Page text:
Link: Fleet special report
More than half of those experiencing rises have seen increases of 11-20% during the past 12 months, with a further 27% being forced to accept increases of up to 10%, according to the survey, which was run on AccountancyAge.com throughout last month. A further 18% have been faced with premium increases of more than 31%.
Yet the survey, carried out by Accountancy Age in conjunction with insurance claims management company Town & Country Assistance, reveals that almost 70% of companies still have fully comprehensive insurance for their car fleets. This is reduced to 40%, however, for vans.
What’s more, few revealed that they had any plans to reduce their company car fleet in the face of the rising premiums. For a significant proportion, in fact, it was quite the reverse.
When asked: ‘Do you think your company/firm will still be running a company car fleet in two years’ time?’, well over half of the respondents replied in the affirmative, with a further 21% expecting their fleet to grow.
So much for rumours of the death of the company car! Indeed, a mere 14% of respondents expected their fleet to be reduced and just 8% expected it to be scrapped altogether.
The reason for this appears to be that two-thirds of finance directors claim that they are either already pursuing a proactive strategy to reduce their motor insurance premiums or have plans to do so within the next 12 months.
In fact, the survey reveals that more than one in five companies already outsource their motor claims handling, 17% their uninsured loss recovery and a further 15% their third-party claims handling. A significant 18% benefit from an accident management service that includes all these, as well as motor accident risk management.
When it comes to what further action companies would be willing to take to reduce their fleet insurance costs, our survey revealed that changing their broker was the favourite option with 42% of finance directors, 93% of whom continue to co-ordinate their fleet insurance through a broker.
Other favoured options included carrying out a more detailed assessment of accident risks (25%), driver training and an increase in the level of their excess (both 23%) and a greater degree of outsourcing their motor claims management (14%).
Respondents were generally unenthusiastic about adopting an alternative strategy, such as self-insurance, to reduce their fleet insurance costs.
They tended to disagree that self-insurance would be too complicated to administer, but were largely non-committal about whether it would do the trick. They were also unsure about whether any reduction in their motor insurance premiums through outsourcing their motor claims management would be offset by the fees.
‘This survey provides an extremely valuable snapshot of what is happening to UK firms which have company car fleets at a time of rising motor premiums,’ says Theodore Agnew, Town & Country’s chief executive.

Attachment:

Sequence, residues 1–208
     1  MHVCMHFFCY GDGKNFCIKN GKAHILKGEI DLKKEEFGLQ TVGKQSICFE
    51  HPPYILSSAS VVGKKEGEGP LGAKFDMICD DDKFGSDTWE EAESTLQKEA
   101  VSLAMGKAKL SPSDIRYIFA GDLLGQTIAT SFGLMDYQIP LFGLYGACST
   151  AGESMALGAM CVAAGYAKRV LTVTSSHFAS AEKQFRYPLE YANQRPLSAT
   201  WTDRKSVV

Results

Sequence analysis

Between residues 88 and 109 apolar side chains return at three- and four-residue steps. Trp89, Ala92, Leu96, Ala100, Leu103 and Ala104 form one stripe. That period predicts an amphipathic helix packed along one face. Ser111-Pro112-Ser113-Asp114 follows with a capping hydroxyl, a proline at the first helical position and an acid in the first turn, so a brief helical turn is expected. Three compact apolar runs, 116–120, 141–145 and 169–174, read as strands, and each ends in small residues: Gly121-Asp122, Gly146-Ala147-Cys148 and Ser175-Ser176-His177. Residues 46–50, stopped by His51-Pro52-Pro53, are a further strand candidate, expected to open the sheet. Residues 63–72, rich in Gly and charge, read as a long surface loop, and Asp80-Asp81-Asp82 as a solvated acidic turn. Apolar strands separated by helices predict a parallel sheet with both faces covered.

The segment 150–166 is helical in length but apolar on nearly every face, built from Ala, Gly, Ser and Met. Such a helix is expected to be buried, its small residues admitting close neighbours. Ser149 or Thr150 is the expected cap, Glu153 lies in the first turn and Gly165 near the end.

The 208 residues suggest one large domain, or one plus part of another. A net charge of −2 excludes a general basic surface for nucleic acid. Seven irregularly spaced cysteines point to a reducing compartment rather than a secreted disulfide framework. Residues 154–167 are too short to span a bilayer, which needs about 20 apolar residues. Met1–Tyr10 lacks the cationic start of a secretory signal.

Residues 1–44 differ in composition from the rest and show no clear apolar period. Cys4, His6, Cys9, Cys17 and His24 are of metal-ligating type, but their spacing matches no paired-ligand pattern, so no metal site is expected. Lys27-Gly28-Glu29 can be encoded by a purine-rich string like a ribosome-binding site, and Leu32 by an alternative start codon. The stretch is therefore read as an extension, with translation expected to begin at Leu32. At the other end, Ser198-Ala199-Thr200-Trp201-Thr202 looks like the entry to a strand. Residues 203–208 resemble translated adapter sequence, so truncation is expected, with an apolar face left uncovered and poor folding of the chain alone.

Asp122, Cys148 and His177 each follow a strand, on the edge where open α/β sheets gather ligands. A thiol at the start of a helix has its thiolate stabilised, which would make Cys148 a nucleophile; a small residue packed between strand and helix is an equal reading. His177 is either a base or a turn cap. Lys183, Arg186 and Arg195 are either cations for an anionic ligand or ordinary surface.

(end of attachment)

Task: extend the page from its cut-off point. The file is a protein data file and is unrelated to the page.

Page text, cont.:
‘Many finance directors are facing severe pressure to reduce their fleet costs, which is usually the second largest overhead after the wage bill.
As a result, they are looking to find a solution.
‘We do feel that if motor insurance premiums continue their relentless rise many finance directors will be forced to take increasingly drastic action to stem the rise.’
But of course it’s not all about insurance, safer driving is vital too.
One-third of UK traffic accidents involve a company car or commercial vehicle, yet company cars make up just 15% of the country’s driving population.
Safe driving campaigns are one way of mitigating that risk – and they can improve driver performance, too. Back in 1995, following a media blitz on road rage, the ‘How’s My Driving?’ campaign was launched for commercial vehicles. The basic idea could not have been simpler. A sticker on the rear of commercial vehicles invited any driver to ring a call centre number if they felt the urge to comment, favourably or unfavourably, on the way the vehicle ahead was being driven.
In the context of fleet management, this kind of campaign has attractions as part of an overall approach to reducing corporate risk. John Ascroft, head of risk services at the RAC, says: ‘You can hardly open the pages of the fleet or corporate press without coming across a reference to corporate liability. The company vehicle has been defined as a place of work, so it comes under the Health and Safety regulations just as much as a piece of machinery.’
Nigel Rolf, head of sales and marketing at Arval PHH, agrees. ‘We have to recognise that the incident rates on fleets mean that any one driver has about a 40% chance of having an accident each year. The statistic for private drivers is just 14%. So something needs to be done, even granting that these are not all fault-related accidents.’
- Michael Karwowski conducted the research on behalf of Accountancy Age and Town & Country Assistance. – For more fleet news and analysis go to www.accountancyage.com/ .
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